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Author Topic: Typical Length of PS??  (Read 1026 times)

P. Pius

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Typical Length of PS??
« on: August 08, 2007, 01:11:00 AM »
How long do most law schools normally require a PS to be?  I've seen some say two pages double spaced, yet others don't mention any maximum requirement.  Is the rule of thumb generally two double spaced pages??
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und3r3stimat3d

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Re: Typical Length of PS??
« Reply #1 on: August 08, 2007, 04:13:03 PM »
Many say 2 pages. Some say up to 3. Still others keep it more open ended. Your best bet is to prepare your main statement to be 2-3 pages I'd say.

rtqw

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Re: Typical Length of PS??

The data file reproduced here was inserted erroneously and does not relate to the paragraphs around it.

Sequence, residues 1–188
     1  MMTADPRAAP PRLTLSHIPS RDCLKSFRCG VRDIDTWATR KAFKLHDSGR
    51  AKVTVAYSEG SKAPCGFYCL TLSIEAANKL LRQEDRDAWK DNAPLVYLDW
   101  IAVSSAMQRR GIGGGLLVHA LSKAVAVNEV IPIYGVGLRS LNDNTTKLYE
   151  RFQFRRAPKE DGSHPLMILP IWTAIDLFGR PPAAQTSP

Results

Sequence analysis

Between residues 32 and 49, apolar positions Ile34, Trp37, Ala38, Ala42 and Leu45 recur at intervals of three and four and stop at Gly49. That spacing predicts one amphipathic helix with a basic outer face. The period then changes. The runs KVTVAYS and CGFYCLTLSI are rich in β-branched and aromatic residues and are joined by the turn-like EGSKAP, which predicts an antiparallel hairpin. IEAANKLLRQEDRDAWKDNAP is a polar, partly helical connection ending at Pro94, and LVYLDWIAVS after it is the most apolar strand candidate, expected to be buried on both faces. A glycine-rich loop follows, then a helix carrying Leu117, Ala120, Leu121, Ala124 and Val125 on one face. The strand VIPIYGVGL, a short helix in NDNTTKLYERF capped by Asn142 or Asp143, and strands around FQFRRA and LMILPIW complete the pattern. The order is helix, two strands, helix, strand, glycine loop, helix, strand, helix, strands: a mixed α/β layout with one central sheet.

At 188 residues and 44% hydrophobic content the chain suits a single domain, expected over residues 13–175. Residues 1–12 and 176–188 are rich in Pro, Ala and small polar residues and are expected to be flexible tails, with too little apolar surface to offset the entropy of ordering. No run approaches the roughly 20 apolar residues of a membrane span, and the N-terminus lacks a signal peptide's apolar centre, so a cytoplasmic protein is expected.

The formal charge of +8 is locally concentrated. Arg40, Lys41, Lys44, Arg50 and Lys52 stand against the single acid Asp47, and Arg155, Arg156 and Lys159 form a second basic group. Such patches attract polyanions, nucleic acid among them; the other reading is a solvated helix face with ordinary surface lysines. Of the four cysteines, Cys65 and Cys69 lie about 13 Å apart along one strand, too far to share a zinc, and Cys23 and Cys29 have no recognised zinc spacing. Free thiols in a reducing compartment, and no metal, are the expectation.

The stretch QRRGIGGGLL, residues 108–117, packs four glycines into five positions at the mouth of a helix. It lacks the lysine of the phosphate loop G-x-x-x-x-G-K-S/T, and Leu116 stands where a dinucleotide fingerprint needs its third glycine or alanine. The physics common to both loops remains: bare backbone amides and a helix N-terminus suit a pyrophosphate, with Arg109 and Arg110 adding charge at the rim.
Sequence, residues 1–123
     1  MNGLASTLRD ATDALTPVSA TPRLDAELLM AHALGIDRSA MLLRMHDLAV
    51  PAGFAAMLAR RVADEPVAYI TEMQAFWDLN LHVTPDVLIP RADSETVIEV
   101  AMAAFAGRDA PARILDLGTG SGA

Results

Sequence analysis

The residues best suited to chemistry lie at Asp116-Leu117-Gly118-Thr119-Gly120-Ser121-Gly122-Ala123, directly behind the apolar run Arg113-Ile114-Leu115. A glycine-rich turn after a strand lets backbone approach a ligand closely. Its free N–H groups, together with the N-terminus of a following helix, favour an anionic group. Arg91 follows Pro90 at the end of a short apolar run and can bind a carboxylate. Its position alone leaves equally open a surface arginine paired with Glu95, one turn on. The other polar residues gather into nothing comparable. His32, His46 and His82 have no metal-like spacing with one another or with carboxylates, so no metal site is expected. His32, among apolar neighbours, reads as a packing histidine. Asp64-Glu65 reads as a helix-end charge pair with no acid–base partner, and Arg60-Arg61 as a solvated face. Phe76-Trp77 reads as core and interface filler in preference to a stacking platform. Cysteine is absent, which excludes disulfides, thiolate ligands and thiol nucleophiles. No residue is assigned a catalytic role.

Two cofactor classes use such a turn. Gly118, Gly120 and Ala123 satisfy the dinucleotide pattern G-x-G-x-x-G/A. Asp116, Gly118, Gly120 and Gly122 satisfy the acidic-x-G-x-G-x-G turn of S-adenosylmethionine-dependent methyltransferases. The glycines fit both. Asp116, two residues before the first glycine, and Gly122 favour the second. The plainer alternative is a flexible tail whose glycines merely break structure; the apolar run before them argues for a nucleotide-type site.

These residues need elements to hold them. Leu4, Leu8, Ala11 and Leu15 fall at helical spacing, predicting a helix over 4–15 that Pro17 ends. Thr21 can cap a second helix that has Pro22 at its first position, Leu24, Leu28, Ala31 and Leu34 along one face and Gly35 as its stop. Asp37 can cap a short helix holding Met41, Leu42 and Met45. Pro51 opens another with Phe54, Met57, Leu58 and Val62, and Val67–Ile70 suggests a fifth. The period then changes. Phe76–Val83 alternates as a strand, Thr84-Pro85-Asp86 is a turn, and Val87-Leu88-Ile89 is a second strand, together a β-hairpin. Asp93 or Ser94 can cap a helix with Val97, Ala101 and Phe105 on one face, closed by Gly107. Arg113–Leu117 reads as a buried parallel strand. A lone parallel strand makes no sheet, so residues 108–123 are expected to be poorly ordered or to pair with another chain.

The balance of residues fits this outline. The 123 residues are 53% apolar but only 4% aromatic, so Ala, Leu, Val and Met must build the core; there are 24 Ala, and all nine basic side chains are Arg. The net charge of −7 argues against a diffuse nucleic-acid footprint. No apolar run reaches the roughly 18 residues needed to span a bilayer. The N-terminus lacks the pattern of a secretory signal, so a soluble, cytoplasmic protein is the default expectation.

« Reply #2 on: August 08, 2007, 10:45:36 PM »
How long do most law schools normally require a PS to be?  I've seen some say two pages double spaced, yet others don't mention any maximum requirement.  Is the rule of thumb generally two double spaced pages??

If I remember right, I think a slim majority of the schools I applied to had no length requirement. With one exception, however, a two page PS met the requirements at all schools I applied to.
University of Michigan Law School, Class of 2010
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P. Pius

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Re: Typical Length of PS??
« Reply #3 on: August 08, 2007, 11:19:37 PM »
So then would you all say that the general rule of thumb would be around 2 1/2 pages or so??
In like Flint (Accepted):  South Texas, St. Mary's
Out on a limb (Pending):  Arizona State, Southwestern, Oregon